round.

TO THE DUKE OF ARGYLL

The Duke was an intimate friend of Tennyson, and visited him occasionally at Aldworth. This poem was probably suggested by the course of the Duke in resigning the Privy Seal in 1881, on account of his disagreement with

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Old poets foster'd under friendlier skies, Old Virgil who would write ten lines,

they say, At dawn, and lavish all the golden day To make them wealthier in his readers'

eyes; And you, old popular Horace, you the wise

Adviser of the nine-years-ponder'd lay, And you, that wear a wreath of sweeter

bay, Catullus, whose dead songster never dies; If, glancing downward on the kindly

sphere That once had rollid you round and

round the sun.

V

Of Knowledge fusing class with class,

Of civic Hate no more to be,
Of Love to leaven all the mass,
Till
every

soul be free;

You see your Art still shrined in human Which froin her honsehold orbit draws the shelves,

child You should be jubilant that you

flourish'd To move in other spheres. The Mother here

weeps Before the Love of Letters, overdone, At that white funeral of the single life, Had swampt the sacred poets with them- Her maiden daughter's marriage; and her selves.

tears Are half of pleasure, half of pain — the

child TO H. R. H. PRINCESS BEATRICE

Is happy – even in learing her! but thou,

True daughter, whose all-faithful, filial eyes First printed in the London ‘Times,' July

Have seen the loneliness of earthly thrones, 23, 1885. The Princess was married to Prince Henry

Wilt neither quit the widow'd Crown, nor

let of Battenberg, on that day.

This later light of Love have risen in vain, Two Suns of Love make day of human life, But moving thro’ the Mother's home, beWhich else with all its pains, and griefs,

tween and deaths,

The two that love thee, lead a summer life, Were utter darkness one, the Sun of Sway'd by each Love, and swaying to each

dawn That brightens thro' the Mother's tender Like some conjectured planet in mid heaven eyes,

Between two suns, and drawing down from And warms the child's awakening world —

both and one

The light and genial warmth of double The later-rising Sun of spousal Love,

day.

Love,

LOCKSLEY HALL SIXTY YEARS AFTER, ETC.

This was the title of the volume published late in 1886, containing the 'Locksley Hall,' "The Fleet,'Opening of the Indian and Colonial Exhibition,' and · The Promise of May. The book had the following dedication :

TO MY WIFE

I DEDICATE
THIS DRAMATIC MONOLOGUE

AND
THE POEMS WHICH FOLLOW

this boy

LOCKSLEY HALL SIXTY YEARS And

you liken — boyish babble AFTER

love of yours with mine. LATE, my grandson! half the morning I myself have often babbled doubtless of a have I paced these sandy tracts,

foolish past; Watch'd again the hollow ridges roaring Babble, babble; our old England may go into cataracts,

down in babble at last.

Wander'd back to living boyhood while I Curse him !' curse your fellow-victim ? heard the curlews call,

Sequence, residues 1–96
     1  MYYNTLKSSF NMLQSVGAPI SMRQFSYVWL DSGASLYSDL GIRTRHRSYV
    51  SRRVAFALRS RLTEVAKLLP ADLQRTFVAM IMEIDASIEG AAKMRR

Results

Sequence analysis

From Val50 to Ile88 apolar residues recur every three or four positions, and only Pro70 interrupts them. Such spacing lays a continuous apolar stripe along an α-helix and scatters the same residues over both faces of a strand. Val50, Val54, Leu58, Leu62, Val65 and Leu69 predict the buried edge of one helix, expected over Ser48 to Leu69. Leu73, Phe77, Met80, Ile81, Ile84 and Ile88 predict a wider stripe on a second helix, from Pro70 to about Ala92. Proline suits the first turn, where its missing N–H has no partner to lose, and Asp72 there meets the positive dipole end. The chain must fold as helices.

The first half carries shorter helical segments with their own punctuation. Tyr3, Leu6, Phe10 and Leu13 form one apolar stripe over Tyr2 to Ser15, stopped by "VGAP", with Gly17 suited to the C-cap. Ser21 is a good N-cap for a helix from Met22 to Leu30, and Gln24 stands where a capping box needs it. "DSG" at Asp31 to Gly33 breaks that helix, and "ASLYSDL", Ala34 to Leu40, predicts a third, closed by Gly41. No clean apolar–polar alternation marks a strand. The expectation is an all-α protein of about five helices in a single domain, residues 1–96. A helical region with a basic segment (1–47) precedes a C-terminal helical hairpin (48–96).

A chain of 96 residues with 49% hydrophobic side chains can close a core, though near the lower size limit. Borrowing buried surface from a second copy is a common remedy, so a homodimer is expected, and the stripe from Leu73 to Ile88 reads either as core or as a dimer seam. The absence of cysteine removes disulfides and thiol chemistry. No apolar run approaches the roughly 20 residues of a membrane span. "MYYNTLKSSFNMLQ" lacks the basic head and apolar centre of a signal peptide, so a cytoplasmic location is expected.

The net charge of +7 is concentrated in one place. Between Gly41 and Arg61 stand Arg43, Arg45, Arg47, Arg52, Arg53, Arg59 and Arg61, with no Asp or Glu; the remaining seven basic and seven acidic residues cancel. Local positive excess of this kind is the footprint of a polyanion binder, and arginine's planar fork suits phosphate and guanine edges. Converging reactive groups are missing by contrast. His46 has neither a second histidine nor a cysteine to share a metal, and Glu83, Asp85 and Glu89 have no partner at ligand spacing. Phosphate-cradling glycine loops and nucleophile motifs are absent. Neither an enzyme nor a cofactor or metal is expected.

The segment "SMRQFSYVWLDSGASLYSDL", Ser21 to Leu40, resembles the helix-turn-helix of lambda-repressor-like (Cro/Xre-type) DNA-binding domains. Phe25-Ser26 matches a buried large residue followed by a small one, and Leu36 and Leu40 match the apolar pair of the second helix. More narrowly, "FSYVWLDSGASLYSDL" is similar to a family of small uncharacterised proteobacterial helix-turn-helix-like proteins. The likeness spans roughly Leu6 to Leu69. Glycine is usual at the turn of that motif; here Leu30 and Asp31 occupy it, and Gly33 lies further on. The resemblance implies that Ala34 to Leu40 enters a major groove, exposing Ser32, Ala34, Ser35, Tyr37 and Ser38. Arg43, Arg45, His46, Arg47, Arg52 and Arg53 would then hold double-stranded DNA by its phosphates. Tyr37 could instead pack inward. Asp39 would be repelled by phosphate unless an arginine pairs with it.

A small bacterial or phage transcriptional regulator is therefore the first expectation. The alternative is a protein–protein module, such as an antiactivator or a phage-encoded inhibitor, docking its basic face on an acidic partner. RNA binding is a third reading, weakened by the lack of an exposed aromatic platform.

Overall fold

call him dotard in your rage ? I myself so close on death, and death itself Eyes that lured a doting boyliood well in Locksley Hall.

might fool a dotard's age. So — your happy suit was blasted — she Jilted for a wealthier ! wealthier ? yet perthe faultless, the divine;

haps she was not wise;

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I remember how you kiss'd the miniature

with those sweet eyes.

Close beneath the casement crimson with

the shield of Locksley — there,

In the hall there hangs a painting - Amy's

arms about my neck Happy children in a sunbeam sitting on the

ribs of wreck.

All in white Italian marble, looking still as

if she smiled, Lies my Amy dead in childbirth, dead the

mother, dead the child.

In my life there was a picture, she that Dead — and sixty years ago, and dead her clasp'd my neck had flown;

aged husband now I was left within the shadow sitting on the I, this old white-headed dreamer, stoopt wreck alone.

and kiss'd her marble brow.

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She that in her heart is brooding on his Gone the comrades of my bivouac, some in briefer lease of life,

fight against the foe, While she vows 'till death shall part us,' Some thro' age and slow diseases, gone as she the would-be-widow wife.

all on earth will go. She the worldling born of worldlings — fa- Gone with whom for forty years my life in ther, mother — be content,

golden sequence ran, Even the homely farm can teach us there She with all the charm of woman, she with is something in descent.

all the breadth of man, Yonder in that chapel, slowly sinking now Strong in will and rich in wisdom, Edith, into the ground,

yet so lowly-sweet, Lies the warrior, my forefather, with his Woman to her inmost heart, and woman to feet upon the hound.

her tender feet, Cross'd! for once he sail'd the sea to crush Very woman of very woman, nurse of ailthe Moslem in his pride;

ing body and mind, Dead the warrior, dead his glory, dead the She that link'd again the broken chain that cause in which he died.

bound me to my kind. Yet how often I and Amy in the moulder- Here to-day was Amy with me, while I ing aisle have stood,

wander'd down the coast, Gazing for one pensive moment on that Near us Edith's holy shadow, smiling at the founder of our blood.

slighter ghost. There again I stood to-day, and where of Gone our sailor son thy father, Leonard old we knelt in prayer,

early lost at sea;